When the oil price drops below a certain point, it simply stops being worth the investment required for operators to extract it from the sea bed. Operators might be not be able to control the oil price, but they can control their operating costs, and set therefore the level the oil price needs to be at for them to report a profit.
In the U.K., North Sea oil fields are estimated to start losing money below $50 a barrel, whilst in Brazil, some analysts estimate that the breakeven price is as high as $120 a barrel. Consequently, much of the oil currently produced from these fields is not worth the cost to produce it. In the short term, companies may try and weather the storm due to the high costs involved with stopping production. However, all indications point to an unpredictable oil price being the new normal, meaning that these fields are simply unsustainable in the long term.
In order to remain profitable, the oil and gas industry needs to dramatically overhaul its processes in order to reduce operating costs, and therefore become profitable at a lower oil price. Some of these changes are relatively simple, whereas others are more complex and difficult to implement.
Here we’ve outlined three of the most effective steps that operators can make to reduce their operating costs:
Throughout the offshore oil and gas industry, huge efficiencies and savings could be made if all parties applied a greater focus to pre-sanction and design phases. To achieve optimum results, operators need to adopt a truly holistic approach that applies to the entire plan, build and operate phases of a project. This would allow for the creation of robust and balanced synergies that not only lead to dramatically reduced operational costs, but also much greater certainty.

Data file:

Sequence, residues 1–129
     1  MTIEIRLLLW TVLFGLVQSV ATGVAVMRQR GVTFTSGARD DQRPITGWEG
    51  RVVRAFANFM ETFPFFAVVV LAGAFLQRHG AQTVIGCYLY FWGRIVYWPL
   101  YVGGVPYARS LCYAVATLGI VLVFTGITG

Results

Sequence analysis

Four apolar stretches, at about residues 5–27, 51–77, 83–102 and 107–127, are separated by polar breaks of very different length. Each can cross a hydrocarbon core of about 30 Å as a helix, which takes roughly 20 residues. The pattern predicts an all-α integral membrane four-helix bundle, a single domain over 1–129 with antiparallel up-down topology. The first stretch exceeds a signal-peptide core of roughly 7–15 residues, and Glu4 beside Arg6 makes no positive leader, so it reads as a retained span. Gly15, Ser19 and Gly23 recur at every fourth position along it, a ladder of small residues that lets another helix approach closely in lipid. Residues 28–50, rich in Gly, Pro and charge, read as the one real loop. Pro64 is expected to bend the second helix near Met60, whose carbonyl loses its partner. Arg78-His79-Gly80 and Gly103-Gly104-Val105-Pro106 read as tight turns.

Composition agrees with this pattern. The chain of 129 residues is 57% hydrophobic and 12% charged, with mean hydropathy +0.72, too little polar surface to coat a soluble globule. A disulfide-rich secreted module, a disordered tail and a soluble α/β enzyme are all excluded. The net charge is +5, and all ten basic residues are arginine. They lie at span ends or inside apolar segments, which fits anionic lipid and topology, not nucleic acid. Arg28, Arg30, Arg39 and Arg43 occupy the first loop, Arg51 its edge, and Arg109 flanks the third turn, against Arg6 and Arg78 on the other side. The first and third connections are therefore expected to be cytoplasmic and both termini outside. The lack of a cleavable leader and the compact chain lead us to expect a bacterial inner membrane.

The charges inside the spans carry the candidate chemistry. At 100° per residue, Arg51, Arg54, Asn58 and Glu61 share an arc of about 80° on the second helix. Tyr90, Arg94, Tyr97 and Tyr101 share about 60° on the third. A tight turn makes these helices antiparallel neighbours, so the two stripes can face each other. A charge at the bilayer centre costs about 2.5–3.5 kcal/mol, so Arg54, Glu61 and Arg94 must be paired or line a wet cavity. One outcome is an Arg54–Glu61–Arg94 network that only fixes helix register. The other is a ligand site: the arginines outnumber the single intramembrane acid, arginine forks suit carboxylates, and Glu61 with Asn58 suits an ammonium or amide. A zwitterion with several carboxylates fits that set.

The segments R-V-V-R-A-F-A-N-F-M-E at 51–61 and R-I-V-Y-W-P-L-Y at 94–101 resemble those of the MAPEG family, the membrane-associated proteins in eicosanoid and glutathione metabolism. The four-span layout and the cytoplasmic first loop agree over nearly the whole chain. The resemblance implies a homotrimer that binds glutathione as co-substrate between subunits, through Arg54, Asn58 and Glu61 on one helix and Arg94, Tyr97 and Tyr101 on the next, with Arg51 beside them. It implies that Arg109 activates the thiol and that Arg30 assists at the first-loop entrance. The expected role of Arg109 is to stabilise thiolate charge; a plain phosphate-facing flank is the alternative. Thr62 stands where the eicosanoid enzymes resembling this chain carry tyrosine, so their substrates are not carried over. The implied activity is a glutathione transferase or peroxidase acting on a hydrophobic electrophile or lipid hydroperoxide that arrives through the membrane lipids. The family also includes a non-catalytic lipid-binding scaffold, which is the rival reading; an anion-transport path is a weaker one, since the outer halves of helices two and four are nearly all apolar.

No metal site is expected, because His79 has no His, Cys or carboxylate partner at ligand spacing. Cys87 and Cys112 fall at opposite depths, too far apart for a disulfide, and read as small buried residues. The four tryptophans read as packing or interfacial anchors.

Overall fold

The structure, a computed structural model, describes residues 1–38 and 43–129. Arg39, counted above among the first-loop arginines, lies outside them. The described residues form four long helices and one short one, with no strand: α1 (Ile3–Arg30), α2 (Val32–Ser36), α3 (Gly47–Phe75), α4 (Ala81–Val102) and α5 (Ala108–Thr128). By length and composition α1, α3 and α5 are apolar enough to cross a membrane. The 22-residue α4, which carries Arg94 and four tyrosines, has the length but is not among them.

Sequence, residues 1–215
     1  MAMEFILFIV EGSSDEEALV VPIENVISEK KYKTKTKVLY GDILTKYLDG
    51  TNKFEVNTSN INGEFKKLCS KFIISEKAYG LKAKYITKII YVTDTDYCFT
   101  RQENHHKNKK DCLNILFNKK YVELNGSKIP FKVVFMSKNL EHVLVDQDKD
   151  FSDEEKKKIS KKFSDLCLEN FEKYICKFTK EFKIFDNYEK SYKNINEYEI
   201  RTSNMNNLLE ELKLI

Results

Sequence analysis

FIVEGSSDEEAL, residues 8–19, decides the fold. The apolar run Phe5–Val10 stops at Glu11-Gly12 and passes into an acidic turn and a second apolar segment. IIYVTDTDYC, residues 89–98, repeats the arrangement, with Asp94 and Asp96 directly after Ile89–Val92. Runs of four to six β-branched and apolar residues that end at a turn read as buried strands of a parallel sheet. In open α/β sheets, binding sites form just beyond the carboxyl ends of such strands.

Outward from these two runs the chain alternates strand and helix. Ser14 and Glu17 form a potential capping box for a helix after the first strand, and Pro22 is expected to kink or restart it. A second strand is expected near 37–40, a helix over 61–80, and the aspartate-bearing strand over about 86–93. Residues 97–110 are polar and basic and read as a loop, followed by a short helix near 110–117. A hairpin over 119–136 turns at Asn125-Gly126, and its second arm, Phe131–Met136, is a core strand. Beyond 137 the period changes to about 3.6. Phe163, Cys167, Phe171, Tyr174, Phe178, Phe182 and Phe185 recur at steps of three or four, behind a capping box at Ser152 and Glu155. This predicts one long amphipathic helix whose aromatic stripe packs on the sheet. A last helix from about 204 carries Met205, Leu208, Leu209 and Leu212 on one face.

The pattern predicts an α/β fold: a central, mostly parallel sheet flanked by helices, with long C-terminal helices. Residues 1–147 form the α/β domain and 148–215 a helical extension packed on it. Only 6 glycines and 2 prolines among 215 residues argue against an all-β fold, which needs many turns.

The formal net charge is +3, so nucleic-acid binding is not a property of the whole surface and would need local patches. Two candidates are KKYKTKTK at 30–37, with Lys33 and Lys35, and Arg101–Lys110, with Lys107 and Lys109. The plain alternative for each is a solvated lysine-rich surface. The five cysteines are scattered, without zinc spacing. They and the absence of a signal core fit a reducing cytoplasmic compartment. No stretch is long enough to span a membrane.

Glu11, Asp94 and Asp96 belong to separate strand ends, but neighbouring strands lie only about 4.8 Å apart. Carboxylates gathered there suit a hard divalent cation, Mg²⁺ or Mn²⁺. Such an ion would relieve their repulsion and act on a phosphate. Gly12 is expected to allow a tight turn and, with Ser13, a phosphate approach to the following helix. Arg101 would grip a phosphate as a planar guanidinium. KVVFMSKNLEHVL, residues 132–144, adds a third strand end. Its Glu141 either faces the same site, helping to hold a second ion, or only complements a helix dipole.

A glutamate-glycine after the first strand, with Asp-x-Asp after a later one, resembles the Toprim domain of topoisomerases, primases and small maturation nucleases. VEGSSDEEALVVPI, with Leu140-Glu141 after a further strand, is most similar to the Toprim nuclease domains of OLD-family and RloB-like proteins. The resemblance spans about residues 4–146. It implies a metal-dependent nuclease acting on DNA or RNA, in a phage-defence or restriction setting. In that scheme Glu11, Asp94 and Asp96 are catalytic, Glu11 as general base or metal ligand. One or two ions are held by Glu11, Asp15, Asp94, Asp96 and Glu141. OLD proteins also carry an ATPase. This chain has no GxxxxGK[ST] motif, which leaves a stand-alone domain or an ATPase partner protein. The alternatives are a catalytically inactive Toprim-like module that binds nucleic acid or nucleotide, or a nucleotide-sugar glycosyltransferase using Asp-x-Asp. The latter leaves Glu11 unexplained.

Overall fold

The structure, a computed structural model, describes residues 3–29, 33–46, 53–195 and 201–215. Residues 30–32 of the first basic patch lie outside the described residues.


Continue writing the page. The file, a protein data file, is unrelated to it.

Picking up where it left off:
Breaking down silos:
The offshore industry currently has a deeply-entrenched silo mentality, which makes it difficult for valuable and useful information to be shared between different divisions of an operator, or even the wider industry. The result of this is huge inefficiency and productivity. Where there should be effective collaboration, operators and contractors are too often blindly following established processes that add increased time and cost. Most crucially, this means that mistakes are repeated and economic value is lost.
To combat this, operators would benefit from installing a central figure or group to provide an overview of where the pieces of a project fit together, and bottlenecks or miscalculations can be quickly identified.
The offshore industry has a long-established problem with over-specification. Far too many producers opt to use over-complicated components with all manner of “gold plating” when a much cheaper but equally reliable item could be bought off the shelf. This is a practice that may have been tolerated in the years of a high oil price, but is inexcusable in the new environment where every penny counts. Instead, operators must realise that significant savings can be made if they prioritise finding solutions for projects instead of defaulting to gold-plated options that include expensive features that are nothing made than unnecessary luxuries.